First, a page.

Article 22 of the PAP protocol provides for the Protocol to enter into force after deposit of the instruments of ratification by a simple majority of the member states. Implement the policies and objectives of the African Union. Cultivate human rights and democracy in Africa. Make sure Member States adhere to good governance and accountability. Let the peoples of Africa know what the objectives and policies of the African Union are so that they might be able to integrate themselves contentally while still working within the framework of the AU. Engender peace and stability on the Continent. Promote self-reliance and economic recovery so as to lead to a more prosperous future for the peoples of Africa. Engender cooperation and development in Africa. Strengthen a sense of solidarity and build common destiny among the peoples of Africa. Create cooperation among Regional Economic Communities and their Members in Parliament. Examine, discuss or express an opinion on any matter, either on its own initiative or at the request of the Assembly or other policy organs and make any recommendations it may deem fit relating to, inter alia, matters pertaining to respect of human rights, the consolidation of democratic institutions and the culture of democracy, as well as the promotion good governance and the rule of law.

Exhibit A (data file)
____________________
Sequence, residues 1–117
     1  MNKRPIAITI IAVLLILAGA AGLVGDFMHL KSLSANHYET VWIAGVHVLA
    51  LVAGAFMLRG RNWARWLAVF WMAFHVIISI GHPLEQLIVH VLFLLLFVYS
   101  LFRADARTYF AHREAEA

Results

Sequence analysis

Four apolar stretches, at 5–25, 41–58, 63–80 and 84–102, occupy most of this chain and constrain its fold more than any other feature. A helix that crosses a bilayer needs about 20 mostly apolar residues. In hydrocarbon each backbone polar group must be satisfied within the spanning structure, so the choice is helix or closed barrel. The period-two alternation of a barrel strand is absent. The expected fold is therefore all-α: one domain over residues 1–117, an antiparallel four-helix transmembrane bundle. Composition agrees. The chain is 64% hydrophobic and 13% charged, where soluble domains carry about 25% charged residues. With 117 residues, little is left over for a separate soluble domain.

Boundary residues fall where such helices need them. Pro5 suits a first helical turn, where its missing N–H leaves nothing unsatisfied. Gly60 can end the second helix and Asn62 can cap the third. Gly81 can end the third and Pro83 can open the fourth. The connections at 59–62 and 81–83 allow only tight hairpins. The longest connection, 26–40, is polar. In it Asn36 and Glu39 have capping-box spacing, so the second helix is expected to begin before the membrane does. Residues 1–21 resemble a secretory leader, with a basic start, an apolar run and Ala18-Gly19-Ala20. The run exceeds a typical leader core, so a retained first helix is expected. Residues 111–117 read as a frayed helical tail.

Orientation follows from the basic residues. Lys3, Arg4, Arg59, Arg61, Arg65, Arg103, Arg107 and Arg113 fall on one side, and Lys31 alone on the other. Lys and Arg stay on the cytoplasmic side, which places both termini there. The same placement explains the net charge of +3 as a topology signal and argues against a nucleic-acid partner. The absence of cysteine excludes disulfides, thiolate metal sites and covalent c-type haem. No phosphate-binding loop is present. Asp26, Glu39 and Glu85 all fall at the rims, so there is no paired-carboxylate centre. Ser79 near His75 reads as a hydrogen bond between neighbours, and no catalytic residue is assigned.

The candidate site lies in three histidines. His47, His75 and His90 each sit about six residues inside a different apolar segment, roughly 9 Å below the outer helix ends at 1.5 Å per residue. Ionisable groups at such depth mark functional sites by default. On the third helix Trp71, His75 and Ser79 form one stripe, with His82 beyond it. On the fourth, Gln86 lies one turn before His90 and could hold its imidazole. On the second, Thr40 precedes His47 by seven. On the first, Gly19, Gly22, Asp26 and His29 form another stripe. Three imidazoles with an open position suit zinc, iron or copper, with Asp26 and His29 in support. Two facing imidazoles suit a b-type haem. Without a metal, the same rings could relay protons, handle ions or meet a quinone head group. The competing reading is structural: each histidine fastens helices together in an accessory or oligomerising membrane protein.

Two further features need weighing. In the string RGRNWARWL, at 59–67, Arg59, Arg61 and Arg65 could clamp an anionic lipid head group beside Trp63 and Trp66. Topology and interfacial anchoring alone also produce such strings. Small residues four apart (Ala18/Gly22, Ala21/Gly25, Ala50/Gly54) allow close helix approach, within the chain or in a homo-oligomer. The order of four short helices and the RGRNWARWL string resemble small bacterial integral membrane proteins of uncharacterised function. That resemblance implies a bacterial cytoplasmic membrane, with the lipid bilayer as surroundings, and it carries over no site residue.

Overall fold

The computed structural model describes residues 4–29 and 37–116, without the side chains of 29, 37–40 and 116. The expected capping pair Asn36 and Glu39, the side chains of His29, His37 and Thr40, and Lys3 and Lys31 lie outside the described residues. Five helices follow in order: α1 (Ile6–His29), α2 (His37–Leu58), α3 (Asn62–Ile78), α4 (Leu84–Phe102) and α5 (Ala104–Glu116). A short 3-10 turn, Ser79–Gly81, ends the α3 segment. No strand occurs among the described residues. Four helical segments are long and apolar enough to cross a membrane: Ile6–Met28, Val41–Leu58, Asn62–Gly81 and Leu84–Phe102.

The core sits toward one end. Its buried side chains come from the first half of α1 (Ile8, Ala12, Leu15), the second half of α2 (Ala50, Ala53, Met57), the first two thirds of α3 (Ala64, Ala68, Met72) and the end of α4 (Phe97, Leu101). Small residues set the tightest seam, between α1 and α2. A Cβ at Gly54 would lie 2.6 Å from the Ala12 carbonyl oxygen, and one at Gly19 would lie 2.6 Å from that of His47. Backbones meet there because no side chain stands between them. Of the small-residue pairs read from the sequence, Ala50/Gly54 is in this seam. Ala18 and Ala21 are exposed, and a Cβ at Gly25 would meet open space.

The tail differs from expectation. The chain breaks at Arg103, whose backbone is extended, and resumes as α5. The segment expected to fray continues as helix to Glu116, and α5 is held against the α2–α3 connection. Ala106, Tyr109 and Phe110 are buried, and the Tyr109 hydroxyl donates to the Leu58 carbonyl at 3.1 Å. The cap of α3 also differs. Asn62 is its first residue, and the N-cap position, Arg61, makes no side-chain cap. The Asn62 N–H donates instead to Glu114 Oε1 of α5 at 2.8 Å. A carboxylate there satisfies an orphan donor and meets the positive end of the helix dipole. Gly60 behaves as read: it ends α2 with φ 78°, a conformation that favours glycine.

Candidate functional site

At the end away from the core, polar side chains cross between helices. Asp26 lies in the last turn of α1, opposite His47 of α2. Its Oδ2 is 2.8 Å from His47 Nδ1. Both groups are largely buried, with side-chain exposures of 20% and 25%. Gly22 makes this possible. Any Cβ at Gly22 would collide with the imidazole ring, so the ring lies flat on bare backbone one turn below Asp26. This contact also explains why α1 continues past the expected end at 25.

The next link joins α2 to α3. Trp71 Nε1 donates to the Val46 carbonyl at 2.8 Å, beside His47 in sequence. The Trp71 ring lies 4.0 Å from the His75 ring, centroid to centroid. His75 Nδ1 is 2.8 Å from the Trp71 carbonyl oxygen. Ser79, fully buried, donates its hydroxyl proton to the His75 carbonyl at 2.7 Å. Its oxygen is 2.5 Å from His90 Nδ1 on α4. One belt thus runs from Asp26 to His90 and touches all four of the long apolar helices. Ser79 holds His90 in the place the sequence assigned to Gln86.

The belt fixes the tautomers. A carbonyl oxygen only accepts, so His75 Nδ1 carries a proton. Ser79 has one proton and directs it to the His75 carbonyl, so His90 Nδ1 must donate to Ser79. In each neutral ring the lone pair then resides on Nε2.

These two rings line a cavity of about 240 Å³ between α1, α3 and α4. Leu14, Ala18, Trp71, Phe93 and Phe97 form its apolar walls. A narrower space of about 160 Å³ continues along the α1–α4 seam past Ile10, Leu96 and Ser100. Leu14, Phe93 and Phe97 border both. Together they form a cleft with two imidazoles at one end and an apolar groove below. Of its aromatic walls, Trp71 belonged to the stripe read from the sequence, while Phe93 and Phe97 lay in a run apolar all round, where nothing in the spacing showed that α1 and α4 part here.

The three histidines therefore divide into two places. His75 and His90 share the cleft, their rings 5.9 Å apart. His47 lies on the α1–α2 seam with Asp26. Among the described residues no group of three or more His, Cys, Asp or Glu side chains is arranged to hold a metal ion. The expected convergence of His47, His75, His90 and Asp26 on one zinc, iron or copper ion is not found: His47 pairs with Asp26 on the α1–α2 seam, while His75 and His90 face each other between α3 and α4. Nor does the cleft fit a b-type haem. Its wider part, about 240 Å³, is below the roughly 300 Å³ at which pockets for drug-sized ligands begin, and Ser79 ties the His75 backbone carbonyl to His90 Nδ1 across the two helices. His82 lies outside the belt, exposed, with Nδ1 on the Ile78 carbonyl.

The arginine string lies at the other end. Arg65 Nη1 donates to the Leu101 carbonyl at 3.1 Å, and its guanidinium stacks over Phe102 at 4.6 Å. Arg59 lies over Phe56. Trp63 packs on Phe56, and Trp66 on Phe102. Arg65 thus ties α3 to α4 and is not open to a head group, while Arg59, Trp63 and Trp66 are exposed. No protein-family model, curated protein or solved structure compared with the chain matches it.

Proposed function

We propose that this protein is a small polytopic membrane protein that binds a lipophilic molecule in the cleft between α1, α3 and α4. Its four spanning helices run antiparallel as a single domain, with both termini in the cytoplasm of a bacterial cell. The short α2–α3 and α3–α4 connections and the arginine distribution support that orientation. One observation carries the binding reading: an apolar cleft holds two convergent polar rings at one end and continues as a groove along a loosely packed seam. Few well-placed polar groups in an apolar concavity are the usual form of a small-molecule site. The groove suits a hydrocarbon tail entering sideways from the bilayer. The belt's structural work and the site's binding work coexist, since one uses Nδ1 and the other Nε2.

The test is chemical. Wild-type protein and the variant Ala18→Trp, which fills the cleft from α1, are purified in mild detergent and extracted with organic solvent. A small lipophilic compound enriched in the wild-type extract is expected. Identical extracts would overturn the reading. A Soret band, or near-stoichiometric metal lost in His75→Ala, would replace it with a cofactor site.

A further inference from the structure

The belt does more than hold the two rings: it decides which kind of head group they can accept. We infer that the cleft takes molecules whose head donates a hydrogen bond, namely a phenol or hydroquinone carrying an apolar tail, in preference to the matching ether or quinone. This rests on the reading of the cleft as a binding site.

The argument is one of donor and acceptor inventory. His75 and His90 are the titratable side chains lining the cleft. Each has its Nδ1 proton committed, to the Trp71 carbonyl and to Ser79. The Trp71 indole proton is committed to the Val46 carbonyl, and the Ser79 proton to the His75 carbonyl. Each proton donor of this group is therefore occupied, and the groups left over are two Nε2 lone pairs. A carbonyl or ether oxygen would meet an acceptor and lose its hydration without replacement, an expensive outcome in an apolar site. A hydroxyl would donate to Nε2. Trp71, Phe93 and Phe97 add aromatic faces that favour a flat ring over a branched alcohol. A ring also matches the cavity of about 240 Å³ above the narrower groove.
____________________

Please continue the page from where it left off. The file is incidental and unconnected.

Discuss its budget and the budget of the Community and make recommendations theron prior to its approval by the Assembly of the African Union. Work towards the harmonisation or co-ordination of the laws of the Member State. Make recommendations aimed at contributing to the attainment of the objectives of the OAU/AEC and draw attention to the challenges facing the integration process in Africa as well as the strategies for dealing with them. Request officials of the OAU/AEC to attend its sessions, produce documents or assist in the discharge of its duties. Promote the programmes and objectives of the OAU/AEC, in the constituencies of the Member States. Promote the co-ordination and Harmonization of policies, measures and activities of the Regional Economic Communities and the parliamentary fora of Africa. Adopt its Rules of Procedure, elect its own President and propose to the Council and the Assembly the size and nature of the support staff of the Pan-African Parliament. Perform such other functions as it deems appropriate to achieve the objectives set out in Article 3 of the Protocol.
In one of its first actions the Pan African Parliament
The African Union is a continental union consisting of 55 member states located on the continent of Africa, with exception of various territories of European possessions located in Africa. The bloc was founded on 26 May 2001 in Addis Ababa and launched on 9 July 2002 in South Africa; the intention of the AU is to replace the Organisation of African Unity, established on 25 May 1963 in Addis Ababa by 32 signatory governments. The most important decisions of the AU are made by the Assembly of the African Union, a semi-annual meeting of the heads of state and government of its member states; the AU's secretariat, the African Union Commission, is based in Addis Ababa. The African Union has an area of around 29 million km2 and includes popular world landmarks, including the Sahara and the Nile; the primary languages spoken include Arabic, English and Portuguese and the languages of Africa. Within the African Union, there are official bodies such as the Peace and Security Council and the Pan-African Parliament.